“Stablecoins may be subject to laws, regulations and guidance, and may also fall within the scope of international standards on operational risk“.[11]


  • Respect of rules applicable as regards data protection

The G7 highlights the need to guarantee the protection of personal data in stablecoin projects and to ensure the protection of consumer rights (e.g. right of withdrawal and right to forget).

  • Authorities will apply appropriate data privacy and protection rules to stablecoin operators, including how data will be used by the participants in the ecosystem and shared between the participants and/or with third parties“. [12]


Next steps for stablecoin players: a unique opportunity to discuss the industry with regulatory authorities and put forward proposals

FSB – Inventory of national regulatory approaches with a view to developing possible recommendations (e.g. multilateral solutions).

> The FSB will consult stakeholders (roundtables, interviews, etc.).


International standard-setters (Basel Committee, CPMI[13] and IOSCO[14]) – Work ongoing to (i) adapt existing standards and (ii) draft new standards.

> Window of opportunity to present ongoing stablecoin projects, objectives, and related regulatory implications.


Nationally – Foster a constructive dialogue with supervisory authorities and the government

> Promote to public authorities solid stablecoin projects that can position France as a pioneering nation in Europe.

> Feed public authorities on the necessary regulatory changes for the viable and long-lasting development of innovative stablecoin projects, all the while upholding the stability of the financial system and the protection of potential consumers.


Nationally – Ongoing discussions on the development of central digital currencies

> Contribute to ongoing discussions on the implementation of central digital currencies (e.g. cooperation between public institutions and the private sector).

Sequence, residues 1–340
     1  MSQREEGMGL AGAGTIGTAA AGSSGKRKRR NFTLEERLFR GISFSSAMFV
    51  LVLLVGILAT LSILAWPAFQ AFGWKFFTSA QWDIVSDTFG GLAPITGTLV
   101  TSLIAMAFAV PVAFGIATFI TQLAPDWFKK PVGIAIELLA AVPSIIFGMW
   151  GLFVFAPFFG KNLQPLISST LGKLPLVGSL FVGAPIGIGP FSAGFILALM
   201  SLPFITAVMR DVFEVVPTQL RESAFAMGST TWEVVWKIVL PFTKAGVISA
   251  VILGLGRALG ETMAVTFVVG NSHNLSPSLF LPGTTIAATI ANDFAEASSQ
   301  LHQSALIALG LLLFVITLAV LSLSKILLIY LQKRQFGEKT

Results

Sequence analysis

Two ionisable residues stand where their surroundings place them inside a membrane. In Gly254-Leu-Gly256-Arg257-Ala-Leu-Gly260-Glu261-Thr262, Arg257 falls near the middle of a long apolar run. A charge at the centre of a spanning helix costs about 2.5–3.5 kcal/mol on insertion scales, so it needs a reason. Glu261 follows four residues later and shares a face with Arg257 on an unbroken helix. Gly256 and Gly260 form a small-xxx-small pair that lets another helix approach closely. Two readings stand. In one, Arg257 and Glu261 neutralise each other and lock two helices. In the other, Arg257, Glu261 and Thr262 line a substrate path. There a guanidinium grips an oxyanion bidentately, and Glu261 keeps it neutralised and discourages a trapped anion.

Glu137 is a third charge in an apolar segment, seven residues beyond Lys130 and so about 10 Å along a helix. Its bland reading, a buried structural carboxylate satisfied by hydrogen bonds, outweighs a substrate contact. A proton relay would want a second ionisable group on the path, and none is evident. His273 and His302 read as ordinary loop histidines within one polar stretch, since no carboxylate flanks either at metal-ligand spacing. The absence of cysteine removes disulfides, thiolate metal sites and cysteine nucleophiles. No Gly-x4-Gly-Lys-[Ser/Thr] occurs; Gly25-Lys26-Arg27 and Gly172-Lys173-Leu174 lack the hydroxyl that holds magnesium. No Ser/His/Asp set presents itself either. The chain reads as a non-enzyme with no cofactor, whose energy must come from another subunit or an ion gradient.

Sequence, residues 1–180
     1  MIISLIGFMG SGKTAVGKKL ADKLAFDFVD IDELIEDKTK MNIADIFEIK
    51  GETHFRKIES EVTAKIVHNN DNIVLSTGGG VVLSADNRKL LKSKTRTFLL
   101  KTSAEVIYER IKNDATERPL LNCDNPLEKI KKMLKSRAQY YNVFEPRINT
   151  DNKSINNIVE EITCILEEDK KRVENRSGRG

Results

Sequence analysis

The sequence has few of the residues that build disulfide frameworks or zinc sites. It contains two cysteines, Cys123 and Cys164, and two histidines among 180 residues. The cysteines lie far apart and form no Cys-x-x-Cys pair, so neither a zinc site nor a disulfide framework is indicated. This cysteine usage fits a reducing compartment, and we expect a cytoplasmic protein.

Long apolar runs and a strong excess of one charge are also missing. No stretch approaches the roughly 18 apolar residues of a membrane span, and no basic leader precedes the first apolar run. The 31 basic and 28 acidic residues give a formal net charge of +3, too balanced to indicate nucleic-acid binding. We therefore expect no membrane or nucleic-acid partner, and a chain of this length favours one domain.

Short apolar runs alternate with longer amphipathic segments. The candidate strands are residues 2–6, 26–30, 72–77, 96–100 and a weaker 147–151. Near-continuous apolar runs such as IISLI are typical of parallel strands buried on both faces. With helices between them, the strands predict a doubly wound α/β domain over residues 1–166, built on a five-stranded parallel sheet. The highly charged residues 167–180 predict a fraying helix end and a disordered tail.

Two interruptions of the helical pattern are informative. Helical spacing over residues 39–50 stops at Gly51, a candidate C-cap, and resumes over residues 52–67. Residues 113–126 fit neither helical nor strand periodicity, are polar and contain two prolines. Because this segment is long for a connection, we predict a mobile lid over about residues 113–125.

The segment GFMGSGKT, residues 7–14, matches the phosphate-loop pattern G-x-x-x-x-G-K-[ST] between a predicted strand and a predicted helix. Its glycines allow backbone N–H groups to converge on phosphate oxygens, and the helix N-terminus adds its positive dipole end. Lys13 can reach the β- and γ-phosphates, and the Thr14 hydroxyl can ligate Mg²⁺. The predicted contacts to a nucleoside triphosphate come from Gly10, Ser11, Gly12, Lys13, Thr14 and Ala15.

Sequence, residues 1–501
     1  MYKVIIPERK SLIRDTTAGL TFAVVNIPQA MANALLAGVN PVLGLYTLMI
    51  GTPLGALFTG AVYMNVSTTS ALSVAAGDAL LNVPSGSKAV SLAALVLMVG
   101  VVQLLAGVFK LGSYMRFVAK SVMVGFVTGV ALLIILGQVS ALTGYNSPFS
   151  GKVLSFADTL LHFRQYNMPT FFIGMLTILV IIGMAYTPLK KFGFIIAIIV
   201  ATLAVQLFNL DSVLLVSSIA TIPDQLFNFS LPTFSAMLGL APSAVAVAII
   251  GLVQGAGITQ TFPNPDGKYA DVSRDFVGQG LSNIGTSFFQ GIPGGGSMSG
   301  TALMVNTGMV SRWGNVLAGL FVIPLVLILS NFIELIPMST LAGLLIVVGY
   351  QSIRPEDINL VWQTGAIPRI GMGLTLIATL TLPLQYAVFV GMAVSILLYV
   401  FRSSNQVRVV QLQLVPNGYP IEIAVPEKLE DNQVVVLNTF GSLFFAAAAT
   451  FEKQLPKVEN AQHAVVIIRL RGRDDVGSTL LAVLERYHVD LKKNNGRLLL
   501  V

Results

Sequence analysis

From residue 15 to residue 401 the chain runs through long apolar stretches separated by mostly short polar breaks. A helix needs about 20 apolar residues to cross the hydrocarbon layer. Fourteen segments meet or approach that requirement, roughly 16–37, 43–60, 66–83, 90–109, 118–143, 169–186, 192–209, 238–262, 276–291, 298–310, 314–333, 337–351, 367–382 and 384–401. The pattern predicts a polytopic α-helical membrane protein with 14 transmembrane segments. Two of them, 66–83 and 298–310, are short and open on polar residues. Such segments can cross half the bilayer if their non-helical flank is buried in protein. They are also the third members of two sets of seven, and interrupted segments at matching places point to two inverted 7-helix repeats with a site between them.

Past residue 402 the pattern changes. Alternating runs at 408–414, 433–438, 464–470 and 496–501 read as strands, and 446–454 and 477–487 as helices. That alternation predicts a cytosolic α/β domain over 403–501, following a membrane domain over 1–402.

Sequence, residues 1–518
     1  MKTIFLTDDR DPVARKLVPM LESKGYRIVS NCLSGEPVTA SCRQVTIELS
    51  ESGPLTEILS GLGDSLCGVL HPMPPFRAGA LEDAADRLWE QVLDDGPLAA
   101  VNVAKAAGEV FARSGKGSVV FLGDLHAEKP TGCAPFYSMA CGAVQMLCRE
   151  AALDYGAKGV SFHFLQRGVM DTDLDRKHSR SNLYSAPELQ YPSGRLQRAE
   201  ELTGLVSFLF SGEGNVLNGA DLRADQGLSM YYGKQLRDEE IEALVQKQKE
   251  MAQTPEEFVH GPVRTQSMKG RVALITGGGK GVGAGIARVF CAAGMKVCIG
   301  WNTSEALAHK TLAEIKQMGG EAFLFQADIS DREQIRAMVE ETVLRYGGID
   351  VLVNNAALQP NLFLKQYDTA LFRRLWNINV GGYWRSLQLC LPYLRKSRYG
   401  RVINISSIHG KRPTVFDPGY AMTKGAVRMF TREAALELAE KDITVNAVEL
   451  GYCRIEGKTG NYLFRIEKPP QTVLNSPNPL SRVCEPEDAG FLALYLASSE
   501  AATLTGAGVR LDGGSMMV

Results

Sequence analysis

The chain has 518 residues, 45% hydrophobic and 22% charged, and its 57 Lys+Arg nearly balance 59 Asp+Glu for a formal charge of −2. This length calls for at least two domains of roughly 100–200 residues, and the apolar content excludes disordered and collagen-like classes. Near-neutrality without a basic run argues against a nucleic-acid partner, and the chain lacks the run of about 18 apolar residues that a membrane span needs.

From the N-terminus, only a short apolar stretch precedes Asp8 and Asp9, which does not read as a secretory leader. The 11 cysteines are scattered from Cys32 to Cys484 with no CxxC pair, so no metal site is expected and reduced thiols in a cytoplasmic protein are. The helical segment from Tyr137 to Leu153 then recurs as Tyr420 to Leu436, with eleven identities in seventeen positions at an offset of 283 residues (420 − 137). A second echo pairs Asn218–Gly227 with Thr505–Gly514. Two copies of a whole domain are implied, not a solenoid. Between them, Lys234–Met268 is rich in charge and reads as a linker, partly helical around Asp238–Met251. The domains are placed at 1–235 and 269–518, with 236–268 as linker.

[1] G7 Working Group on stablecoins, “Investigating the impact of global stablecoins“, October 2019.

[2] FSB, “Regulatory issues of stablecoins”, October 2019.

[3] Excerpt of the FSB report: “A stablecoin can be defined as a crypto-asset designed to maintain a stable value relative to another asset (typically a unit of currency or commodity) or a basket of assets. These may be collateralised by fiat currency or commodities, or supported by algorithms. The term is used to describe a particular set of crypto-assets with certain design characteristics or stated objectives, but the use of this term should not be construed as any endorsement or legal guarantee of the value or stability of these tokens” p.1.

[4] Official statement on stablecoins by G7 heads, 17 October 2019.

[5] Financial Action Task Force.

[6] Excerpt of the G20 statement, Osaka Summit (June 2019): “While crypto-assets do not pose a threat to global financial stability at this point, we are closely monitoring developments and remain vigilant to existing and emerging risks. We welcome on-going work by the Financial Stability Board (FSB) and other standard setting bodies and ask them to advise on additional multilateral responses as needed“.

[7] G7 report, p.5.

[8]           Ibid. p.6.

[9] Ibid. p.6.

[10] Ibid. p.8.

[11] Ibid. p.8.

[12] Ibid. p.10.

[13] Committee on Payments and Market Infrastructures (CPMI).

[14] International Organization of Securities Commissions (IOSCO).